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StrangeDog 07-23-2009 04:48 PM

Question on Boiling
I've read a lot about people worrying about boil over when brewing.. but I have a problem of a different sort.

I can't tell if my stove just kinda sucks, but it takes damn near forever for my wort to get to a boil and even when it finally does it's pretty weak. So it never really gets to a good rolling boil - It hasn't been much of a problem so far other than really testing my patience when it takes an hour (or more) to get it to a boil before adding hops. Does anyone else have any experience with this or any advice on a good trick to speed up the boil?

If this is normal though then that's good to know - Just more time to enjoy another homebrew I suppose.

Hang Glider 07-23-2009 04:53 PM

Yup, it's a problem many of us experienced - which encouraged us to go pick up a "turkey fryer" on the cheap at the wally world or some other mega-mart.

Small expense, but watch it - you're on a slippery slope! Next, it will be dedicated refrigerators for fermenting, kegerators, mash tuns, ....:D

And while the turkey fryer pots will probably work, you get what you pay for - so it's the burner and stand you're getting. The pot will probably be of poor quality. Save up, get a nice 10gal or better. Oh, and you'll need a propane tank if you don't have one.

then sit back on your porch, balcony, garage, outside, and boil away!

Joker 07-23-2009 04:56 PM

Yep turkey fryer and then you too can worry about boil overs, until you get a keggle and well then you are just done for turn your wallet over and pour out all the folding money you have. :mug:

SmugMug 07-23-2009 05:10 PM

So far I'm doing ok on controlling my *ahem* hobby spending. I've leeched an outdoor burner from my brother and *ahem* borrowed a friend's crawfish boil stockpot (takes me to 2 5 gal pots). Only thing I've spent money on is the initial cost of my gear, ingredients, and commercial beer for the bottles.

I spotted a nice Igloo cooler in my neighbor's garage this morning that looks like it needs "liberating".

StrangeDog 07-23-2009 05:17 PM

Yeah - I'm quickly learning that I could be dropping some major cash on this new hobby. So far it's been limited to the basics but every time I go online or to the shop I see new toys that would look great at my place.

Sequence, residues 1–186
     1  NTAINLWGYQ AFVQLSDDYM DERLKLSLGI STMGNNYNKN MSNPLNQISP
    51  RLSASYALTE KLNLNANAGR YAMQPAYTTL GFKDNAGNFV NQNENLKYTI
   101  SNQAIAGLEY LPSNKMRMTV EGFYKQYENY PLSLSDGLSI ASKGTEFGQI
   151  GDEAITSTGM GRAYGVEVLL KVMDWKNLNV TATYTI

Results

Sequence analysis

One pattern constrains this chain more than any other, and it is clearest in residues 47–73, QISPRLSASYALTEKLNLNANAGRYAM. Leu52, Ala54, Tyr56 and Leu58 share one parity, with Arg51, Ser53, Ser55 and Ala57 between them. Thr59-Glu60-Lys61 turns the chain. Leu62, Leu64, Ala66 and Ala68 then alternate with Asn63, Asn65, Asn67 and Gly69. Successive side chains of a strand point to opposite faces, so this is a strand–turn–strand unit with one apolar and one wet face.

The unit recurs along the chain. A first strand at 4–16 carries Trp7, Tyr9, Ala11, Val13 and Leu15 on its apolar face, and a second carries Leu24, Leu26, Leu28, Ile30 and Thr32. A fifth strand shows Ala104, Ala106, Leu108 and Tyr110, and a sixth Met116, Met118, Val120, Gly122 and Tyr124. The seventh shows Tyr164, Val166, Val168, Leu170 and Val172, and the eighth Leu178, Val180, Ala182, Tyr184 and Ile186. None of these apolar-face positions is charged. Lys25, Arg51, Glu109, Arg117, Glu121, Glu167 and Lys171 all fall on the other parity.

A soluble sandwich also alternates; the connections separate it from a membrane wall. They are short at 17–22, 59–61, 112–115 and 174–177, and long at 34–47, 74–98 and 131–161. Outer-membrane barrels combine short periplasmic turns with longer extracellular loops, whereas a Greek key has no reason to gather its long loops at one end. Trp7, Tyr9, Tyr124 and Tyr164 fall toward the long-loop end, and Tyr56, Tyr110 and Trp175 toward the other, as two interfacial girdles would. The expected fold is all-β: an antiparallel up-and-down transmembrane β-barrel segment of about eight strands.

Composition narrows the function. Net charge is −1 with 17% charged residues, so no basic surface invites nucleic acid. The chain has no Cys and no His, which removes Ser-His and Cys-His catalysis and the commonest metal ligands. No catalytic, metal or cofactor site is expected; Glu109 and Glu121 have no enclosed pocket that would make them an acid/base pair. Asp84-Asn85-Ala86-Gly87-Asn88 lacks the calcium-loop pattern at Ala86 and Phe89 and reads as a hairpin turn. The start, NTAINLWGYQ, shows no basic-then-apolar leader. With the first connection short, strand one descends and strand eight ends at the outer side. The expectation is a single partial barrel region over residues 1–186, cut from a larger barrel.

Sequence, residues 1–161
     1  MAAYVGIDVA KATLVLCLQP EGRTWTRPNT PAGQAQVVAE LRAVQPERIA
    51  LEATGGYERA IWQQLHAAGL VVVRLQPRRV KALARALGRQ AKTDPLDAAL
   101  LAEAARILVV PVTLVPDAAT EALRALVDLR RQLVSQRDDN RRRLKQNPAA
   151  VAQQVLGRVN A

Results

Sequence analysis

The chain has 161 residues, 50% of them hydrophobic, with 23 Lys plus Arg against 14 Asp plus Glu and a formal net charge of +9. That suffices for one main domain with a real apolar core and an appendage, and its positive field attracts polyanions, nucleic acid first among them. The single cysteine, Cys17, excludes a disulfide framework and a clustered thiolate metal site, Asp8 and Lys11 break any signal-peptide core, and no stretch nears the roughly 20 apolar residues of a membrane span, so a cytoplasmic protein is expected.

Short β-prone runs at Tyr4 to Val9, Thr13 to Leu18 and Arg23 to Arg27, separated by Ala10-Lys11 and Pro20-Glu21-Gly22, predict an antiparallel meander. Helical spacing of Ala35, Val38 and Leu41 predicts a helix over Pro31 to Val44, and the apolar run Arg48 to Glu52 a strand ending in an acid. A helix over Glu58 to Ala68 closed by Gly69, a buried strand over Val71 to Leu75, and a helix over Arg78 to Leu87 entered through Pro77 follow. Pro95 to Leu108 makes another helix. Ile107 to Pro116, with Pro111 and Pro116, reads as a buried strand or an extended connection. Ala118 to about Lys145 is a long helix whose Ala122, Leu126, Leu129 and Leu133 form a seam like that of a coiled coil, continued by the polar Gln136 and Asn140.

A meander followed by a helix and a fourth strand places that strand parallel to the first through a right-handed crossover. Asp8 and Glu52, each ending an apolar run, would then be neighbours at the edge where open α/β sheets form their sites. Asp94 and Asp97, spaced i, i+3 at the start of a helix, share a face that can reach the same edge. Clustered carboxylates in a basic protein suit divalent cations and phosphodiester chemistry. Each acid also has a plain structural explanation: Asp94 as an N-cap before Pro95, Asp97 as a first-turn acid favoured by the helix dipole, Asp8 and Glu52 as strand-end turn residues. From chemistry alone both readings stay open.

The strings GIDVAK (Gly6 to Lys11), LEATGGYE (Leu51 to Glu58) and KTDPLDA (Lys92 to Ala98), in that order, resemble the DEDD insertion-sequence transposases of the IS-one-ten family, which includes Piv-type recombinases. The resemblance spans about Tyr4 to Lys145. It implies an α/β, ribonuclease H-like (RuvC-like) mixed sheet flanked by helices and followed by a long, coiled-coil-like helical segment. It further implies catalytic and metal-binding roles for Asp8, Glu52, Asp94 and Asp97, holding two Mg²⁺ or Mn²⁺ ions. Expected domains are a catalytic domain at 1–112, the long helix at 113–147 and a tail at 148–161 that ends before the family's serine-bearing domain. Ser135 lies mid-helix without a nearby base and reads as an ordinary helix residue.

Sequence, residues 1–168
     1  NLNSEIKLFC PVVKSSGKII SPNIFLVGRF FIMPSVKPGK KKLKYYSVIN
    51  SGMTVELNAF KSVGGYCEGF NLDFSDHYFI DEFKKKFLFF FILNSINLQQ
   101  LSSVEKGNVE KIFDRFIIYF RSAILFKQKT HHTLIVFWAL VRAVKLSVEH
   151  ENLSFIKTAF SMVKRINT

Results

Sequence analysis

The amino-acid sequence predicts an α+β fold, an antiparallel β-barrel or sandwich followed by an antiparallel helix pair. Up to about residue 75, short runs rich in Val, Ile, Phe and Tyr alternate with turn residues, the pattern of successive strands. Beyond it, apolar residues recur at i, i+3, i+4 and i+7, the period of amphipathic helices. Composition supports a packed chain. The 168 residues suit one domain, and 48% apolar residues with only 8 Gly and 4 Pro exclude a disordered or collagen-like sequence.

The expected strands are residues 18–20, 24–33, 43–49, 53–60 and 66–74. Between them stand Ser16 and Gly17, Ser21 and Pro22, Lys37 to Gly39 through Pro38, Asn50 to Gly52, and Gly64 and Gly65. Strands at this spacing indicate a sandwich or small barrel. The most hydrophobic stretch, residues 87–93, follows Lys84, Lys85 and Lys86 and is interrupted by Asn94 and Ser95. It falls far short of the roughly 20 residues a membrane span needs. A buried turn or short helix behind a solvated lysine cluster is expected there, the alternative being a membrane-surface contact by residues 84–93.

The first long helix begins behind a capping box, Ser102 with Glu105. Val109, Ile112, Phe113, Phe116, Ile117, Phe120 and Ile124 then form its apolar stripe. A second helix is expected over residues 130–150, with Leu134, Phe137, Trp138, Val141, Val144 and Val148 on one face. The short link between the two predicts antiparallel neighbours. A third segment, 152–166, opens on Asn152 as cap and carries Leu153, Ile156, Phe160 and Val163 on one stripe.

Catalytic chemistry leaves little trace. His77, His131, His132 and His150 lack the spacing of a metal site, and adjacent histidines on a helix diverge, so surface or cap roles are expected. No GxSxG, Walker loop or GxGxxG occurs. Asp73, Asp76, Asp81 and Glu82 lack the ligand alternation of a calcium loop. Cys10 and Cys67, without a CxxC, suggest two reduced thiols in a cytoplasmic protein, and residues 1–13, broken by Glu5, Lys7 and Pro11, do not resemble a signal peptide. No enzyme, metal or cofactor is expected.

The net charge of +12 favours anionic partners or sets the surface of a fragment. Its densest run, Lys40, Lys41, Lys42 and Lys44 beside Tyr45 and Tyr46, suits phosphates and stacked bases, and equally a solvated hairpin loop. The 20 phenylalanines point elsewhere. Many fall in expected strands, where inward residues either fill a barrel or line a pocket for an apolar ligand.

Thanks for your help all - I might look into the turkey fryer soon.

IXVolt 07-23-2009 05:33 PM

Can you boil smaller quantities of water in other pots, get them to a boil then combine in your brew pot and hopefully maintain the boil?

Oh and +1 for the fryer and keggle. I bought my burner at a yard sale for 5 bucks with a full propane tank, and snagged a keggle for $40 from a brewery!

StrangeDog 07-23-2009 06:51 PM


Originally Posted by IXVolt (Post 1448587)
Can you boil smaller quantities of water in other pots, get them to a boil then combine in your brew pot and hopefully maintain the boil?

Well - the main problem is getting the wort to boil after adding the malt extract... the density of the syrup I'm guessing takes it longer to boil.

Gremlyn 07-23-2009 07:19 PM

This worked for me: http://www.homebrewtalk.com/f11/improved-boiling-stovetop-53683/

PassThePint 07-24-2009 03:50 AM

Have the fryer... but how "hard" should I boil?
I've had the turkey fryer for a while and invested in a big 7.5 gallon stainless steel pot, but once I hit boiling, I quickly back off the flame until I get a nice slow boil. I've read about hot break, but I don't know if I've ever seen that and my 1st batch of beer was cloudy (Irish Red) and until I added some gelatin the other day, my 2nd, 3rd, and 4th batches were also cloudy (yes, I jumped in without even tasting my 1st brew...)

Any tips on how you can tell a boil is going to create hot break and is that a good thing?

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